Our fellow Tennessee attorneys, as well a truck accident lawyers from all over the United States, have rallied with highway safety advocates for years over government truck driver hours of service regulations. But, does the problem lay in the governing of truck driver hours, or in the work habits of truck drivers who are forced to work under employers who demand more work, less rest?
Truck drivers themselves aren’t quoted with complaints about their long hours, but that may have more to do with the fact that, for them, long hours produce more miles and more miles make them more money. Truckers are not salaried, but paid by the number of miles they drive. It’s an employer-driven system that harkens back to the dark days of 19th century sweat shops. Garment makers were “sweated” to produce because they were paid by the piece, and never made aware of how much — or how little — work would be available after the current project. Seamstress or truck driver, a wage worker can’t assume there will be more work tomorrow or the next day. Naturally, they want to get while the getting is good!
The Federal Motor Carrier Safety Administration (FMCSA) of the United States Department of Transportation establishes the working and resting hours of truck drivers and is lobbied constantly to change them. Hours of service (HOS) regulations are the center of a heated debate between highway safety advocates and shipping companies, pitting commerce against circadian rhythms. Truck accident lawyers are the only ones accomplishing anything in that fight. Unfortunately, it’s only after an accident victim is seriously hurt, or after a family member is killed by a truck. In spite of all the arguing, there are still 4,000 fatalities and 100,000 injuries involving big trucks each year. As any experienced driver knows, driving while fatigued lowers reaction times and increases a driver’s risk of dozing off at the wheel. When truckers drive on too little sleep, it’s a recipe for a deadly truck accident.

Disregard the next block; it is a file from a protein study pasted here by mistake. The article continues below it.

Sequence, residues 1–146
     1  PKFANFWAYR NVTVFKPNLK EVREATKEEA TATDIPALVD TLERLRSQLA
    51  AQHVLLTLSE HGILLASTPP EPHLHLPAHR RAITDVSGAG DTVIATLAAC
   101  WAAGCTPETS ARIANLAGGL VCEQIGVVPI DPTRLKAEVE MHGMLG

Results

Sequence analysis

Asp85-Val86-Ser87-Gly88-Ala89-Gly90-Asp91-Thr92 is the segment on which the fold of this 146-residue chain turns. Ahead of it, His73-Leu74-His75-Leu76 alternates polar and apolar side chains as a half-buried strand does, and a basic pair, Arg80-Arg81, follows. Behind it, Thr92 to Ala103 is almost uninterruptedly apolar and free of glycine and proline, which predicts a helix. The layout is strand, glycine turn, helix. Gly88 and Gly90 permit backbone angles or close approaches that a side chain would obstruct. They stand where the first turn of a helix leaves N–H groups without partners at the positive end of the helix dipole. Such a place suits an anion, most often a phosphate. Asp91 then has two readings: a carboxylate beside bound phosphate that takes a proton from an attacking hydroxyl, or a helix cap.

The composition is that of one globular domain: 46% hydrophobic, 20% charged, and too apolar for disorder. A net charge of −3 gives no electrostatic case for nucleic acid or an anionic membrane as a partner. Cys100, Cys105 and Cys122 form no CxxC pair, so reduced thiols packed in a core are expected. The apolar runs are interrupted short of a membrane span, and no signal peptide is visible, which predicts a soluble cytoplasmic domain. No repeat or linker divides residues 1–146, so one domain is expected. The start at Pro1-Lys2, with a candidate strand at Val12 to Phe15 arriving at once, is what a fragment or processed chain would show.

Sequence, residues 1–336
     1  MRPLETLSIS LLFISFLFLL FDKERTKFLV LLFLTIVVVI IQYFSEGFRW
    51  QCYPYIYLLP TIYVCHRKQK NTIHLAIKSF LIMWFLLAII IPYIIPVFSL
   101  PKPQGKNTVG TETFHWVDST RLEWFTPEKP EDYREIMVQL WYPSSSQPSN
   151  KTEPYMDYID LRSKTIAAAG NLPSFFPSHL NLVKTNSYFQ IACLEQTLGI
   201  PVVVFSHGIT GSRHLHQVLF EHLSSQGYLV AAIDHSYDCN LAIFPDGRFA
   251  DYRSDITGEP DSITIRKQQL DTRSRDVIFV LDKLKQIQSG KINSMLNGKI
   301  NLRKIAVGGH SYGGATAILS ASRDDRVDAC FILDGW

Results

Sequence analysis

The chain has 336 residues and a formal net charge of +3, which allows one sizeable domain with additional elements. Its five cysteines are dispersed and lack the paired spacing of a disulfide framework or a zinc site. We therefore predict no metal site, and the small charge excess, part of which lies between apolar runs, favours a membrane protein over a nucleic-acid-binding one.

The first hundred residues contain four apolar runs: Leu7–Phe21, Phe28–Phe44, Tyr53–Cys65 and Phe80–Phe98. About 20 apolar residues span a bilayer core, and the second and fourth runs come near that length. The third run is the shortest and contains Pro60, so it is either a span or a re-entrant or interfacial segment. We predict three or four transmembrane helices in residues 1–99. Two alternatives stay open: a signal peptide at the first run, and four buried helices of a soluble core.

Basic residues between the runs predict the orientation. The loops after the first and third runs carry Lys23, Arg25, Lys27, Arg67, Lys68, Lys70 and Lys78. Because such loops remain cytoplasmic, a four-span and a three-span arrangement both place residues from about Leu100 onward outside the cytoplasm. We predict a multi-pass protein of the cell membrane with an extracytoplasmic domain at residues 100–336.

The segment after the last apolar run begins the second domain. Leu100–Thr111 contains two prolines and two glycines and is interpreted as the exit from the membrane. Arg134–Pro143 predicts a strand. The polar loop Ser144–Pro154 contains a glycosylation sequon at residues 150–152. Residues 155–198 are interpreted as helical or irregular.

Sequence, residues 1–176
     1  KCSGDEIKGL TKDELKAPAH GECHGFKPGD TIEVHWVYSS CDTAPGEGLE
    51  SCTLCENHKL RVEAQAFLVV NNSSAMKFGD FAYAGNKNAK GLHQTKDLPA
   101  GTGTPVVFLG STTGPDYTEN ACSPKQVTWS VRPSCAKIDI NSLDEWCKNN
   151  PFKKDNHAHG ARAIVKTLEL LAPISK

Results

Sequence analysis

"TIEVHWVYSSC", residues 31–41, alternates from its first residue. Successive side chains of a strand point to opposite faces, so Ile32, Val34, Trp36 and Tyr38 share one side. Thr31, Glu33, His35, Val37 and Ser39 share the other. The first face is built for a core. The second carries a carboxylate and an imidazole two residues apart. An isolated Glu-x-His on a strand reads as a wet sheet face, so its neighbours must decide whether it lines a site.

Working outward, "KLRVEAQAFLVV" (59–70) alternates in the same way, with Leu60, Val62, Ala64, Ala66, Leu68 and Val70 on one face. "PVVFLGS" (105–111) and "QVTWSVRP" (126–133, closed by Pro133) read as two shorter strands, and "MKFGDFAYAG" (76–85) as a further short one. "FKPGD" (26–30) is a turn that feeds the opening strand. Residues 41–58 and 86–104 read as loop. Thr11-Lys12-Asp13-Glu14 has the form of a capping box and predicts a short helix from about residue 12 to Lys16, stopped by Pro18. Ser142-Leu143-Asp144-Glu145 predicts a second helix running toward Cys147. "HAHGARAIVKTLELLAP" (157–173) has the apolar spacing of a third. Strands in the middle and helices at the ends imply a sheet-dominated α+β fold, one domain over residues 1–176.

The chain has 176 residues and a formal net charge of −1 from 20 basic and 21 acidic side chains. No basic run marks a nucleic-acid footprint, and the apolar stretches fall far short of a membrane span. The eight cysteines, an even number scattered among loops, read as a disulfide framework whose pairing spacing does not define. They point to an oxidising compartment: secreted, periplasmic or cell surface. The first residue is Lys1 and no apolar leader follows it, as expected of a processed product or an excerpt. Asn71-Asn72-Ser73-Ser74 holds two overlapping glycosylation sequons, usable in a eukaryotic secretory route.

Currently, truck drivers are required by the FMCSA HOS regulations to take 8 hours of rest plus 2 hours off-duty in a 24-hour work cycle. That allows them up to 14 hours of driving time per day. In a regular 5-day work week, that would put a truck driver behind the wheel for up to 70 hours. But, also, at any point during their work week, a driver can do a “34-hour restart.” After those 34 consecutive hours of rest, the driver’s 70-hour work week starts over.
As Tennessee attorneys who deal with local, Chattanooga truck accidents every day, we know that truck accidents due to fatigue increase significantly after the 10th hour of driving. By the 17th hour on duty, the number of crashes attributed to fatigue hits 25%. And, yes, we realize the drivers aren’t allowed to drive 17 consecutive hours.
But they do. And some alter their written log books so that there is no record of their FMCSA HOS violation.
While the battle over regulations continues in the nation’s Capital, Chattanoogans, Tennesseans and victims all over the U.S. struggle to recover from traumatic brain injury, spinal injury and emotional trauma caused by a truck accident. The Tennessee attorneys at the McMahan Law Firm are skilled at digging into the real causes of truck accidents. If the driver who caused your accident altered the HOS log books, we’ll know. If the driver’s employer was cited for previous FMCSA violations, we’ll know that, too. Don’t let a trucking company’s insurance adjuster talk you into settling for whatever they offer. The trucking companies’ fight for more commerce at the expense of sleep and highway safety demands the attention of a truck accident lawyer who can get you a fair settlement for your injuries.